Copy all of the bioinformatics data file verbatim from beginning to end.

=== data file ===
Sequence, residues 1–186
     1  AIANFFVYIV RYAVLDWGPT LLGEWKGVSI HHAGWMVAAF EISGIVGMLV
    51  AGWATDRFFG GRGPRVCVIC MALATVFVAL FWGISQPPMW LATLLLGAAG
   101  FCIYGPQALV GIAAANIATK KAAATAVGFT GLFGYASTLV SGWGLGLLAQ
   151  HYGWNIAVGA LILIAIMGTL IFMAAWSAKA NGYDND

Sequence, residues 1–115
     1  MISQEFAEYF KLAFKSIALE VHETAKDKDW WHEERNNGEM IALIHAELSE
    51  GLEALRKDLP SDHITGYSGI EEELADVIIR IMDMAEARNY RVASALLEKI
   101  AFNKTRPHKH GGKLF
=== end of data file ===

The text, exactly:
Sequence, residues 1–186
     1  AIANFFVYIV RYAVLDWGPT LLGEWKGVSI HHAGWMVAAF EISGIVGMLV
    51  AGWATDRFFG GRGPRVCVIC MALATVFVAL FWGISQPPMW LATLLLGAAG
   101  FCIYGPQALV GIAAANIATK KAAATAVGFT GLFGYASTLV SGWGLGLLAQ
   151  HYGWNIAVGA LILIAIMGTL IFMAAWSAKA NGYDND

Sequence, residues 1–115
     1  MISQEFAEYF KLAFKSIALE VHETAKDKDW WHEERNNGEM IALIHAELSE
    51  GLEALRKDLP SDHITGYSGI EEELADVIIR IMDMAEARNY RVASALLEKI
   101  AFNKTRPHKH GGKLF